When should you add a service?

If there was one common question I received at this past National Pavement Expo in Nashville it was, "Brad, how do you know when to add another service?" This question, or some form of it, came from young business owners, desperate to find another income stream, and from seasoned owners realizing that to become a bona fide pavement maintenance "specialist" they would need to expand their vocabulary and offerings to customers.

This topic seemed to be on the minds of many contractors, so let me share a few thoughts and observations that I've made over the past 20 years that might aid you in your own evaluation of growing your business.

When not to add services
It might be helpful to address some poor times to add new services.

  • When your primary business is experiencing increased amounts of customer call-backs and rework. This strongly suggests that your focus on quality is in need of attention. Fix your quality problems first and you might not be tempted to expand.
  • When an employee says, "I've done that before." There is always an employee, usually a new hire, who can be quite convincing on what he's accomplished at previous companies. In most cases this type of worker may be a new hire for a reason.
  • When you notice increased competition. New competitors shouldn't send you looking for another service to provide. Competition, especially new competition, can be good for you. It often adds pressure to do things right the first time, can force better attention to details, and generated a more creative mind set for marketing and sales.

Now, there are certainly more reasons why you might want to think twice before adding new services but let me provide you some proactive, positive reasons to add new services.

When to add new services

  • When adding a new service will compliment and further expand business opportunities with existing clients. This is the primary reason to add a new service. If your current and paying customers are asking you to take on additional pavement maintenance services this is a good sign that you and your crews are doing a good job on meeting customer needs and consistently providing quality.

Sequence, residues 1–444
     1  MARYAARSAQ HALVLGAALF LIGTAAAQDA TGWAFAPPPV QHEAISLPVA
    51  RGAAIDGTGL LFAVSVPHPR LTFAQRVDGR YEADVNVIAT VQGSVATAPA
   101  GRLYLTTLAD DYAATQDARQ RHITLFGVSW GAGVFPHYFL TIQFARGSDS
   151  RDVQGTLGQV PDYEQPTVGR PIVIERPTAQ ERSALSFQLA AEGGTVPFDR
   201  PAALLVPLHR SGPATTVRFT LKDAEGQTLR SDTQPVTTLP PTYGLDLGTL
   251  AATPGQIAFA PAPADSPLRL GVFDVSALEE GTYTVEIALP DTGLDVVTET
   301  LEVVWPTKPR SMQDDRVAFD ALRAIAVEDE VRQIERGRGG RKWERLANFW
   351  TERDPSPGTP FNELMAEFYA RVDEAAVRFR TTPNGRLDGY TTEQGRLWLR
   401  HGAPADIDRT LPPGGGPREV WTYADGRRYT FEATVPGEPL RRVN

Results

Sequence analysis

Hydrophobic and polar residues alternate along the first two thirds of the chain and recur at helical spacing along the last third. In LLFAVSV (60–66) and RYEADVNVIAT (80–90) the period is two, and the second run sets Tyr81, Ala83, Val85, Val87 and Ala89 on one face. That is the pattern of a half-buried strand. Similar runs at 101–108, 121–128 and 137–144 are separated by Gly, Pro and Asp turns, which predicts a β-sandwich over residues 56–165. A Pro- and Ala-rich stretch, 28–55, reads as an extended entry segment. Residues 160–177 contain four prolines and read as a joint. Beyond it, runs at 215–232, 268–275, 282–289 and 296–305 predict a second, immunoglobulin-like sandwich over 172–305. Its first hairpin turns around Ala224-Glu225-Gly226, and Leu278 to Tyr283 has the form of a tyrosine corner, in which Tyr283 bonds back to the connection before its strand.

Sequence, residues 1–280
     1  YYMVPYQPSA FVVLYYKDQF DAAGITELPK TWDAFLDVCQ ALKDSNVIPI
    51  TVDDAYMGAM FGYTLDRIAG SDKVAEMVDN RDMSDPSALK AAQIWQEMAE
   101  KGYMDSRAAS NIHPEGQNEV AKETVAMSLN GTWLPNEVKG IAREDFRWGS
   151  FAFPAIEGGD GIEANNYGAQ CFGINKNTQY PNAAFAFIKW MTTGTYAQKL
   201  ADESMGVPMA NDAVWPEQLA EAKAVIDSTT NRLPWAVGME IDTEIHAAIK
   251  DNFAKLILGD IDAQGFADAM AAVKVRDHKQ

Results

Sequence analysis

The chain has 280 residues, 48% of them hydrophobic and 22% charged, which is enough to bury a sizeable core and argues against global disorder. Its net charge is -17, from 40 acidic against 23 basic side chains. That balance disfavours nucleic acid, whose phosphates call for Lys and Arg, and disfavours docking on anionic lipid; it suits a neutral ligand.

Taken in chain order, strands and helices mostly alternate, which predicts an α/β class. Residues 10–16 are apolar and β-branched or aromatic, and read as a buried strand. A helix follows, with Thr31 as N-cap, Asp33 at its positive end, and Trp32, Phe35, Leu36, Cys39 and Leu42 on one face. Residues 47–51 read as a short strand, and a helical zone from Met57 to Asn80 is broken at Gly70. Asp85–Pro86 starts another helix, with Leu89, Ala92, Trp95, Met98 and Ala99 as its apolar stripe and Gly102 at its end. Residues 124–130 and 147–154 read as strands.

• When your profitability is running consistently higher over the past season or two. It's doubly difficult to acquire additional equipment, add another crew, and learn another service if you are not making much money. Profits are good; they should be used to reinvest into your company. Expanding into new services is made easier when you're profitable.
  • When a specialty contractor is technically proficient but has little to no business savvy. It is just amazing how many technical experts get into power washing, curb and gutter, infrared application, sealcoating etc. who can't run a business. Offering to buy one of these contractors out might be a "win-win" for both you and the business-challenged owner.
  • When there is a new geographical opportunity available and it could be getting your foot in the door. Pavement maintenance contractors have begun a new service where they have little to no current business at and then use this new addition as a lead-in for their existing services. This is sort of coming through the back door, but it can be a strategy to add a new service that ironically opens the chance to do more business with current services.

Certainly one or more of these four criteria should be in place before you expand. It is important to also note that if you are seriously looking at adding a new service, develop a business plan addressing such topics as: market needs, competitors, cost of needed equipment, suppliers and their locations, and type of customers, to name just a few areas.

Adding a new service will require that you have the proper attitude and mind set - it will renew your commitment to be patient and consistent. Plus, prepare to have the capital needed to keep the new service moving ahead while you and your workers are learning the new business.

Adding a new service should be a positive and profitable experience. If you've never added a new service you are in for a real challenge to your old policies and approaches. Be open to new lessons and best practices that you can learn and even pass on to your existing services. You might just end up adding a service that becomes the new profit leader for your company in the future.

Brad Humphrey is president of Pinnacle Development Group and provides business consulting to pavement maintenance contractors. For more information visit www.pinnacledg.com.

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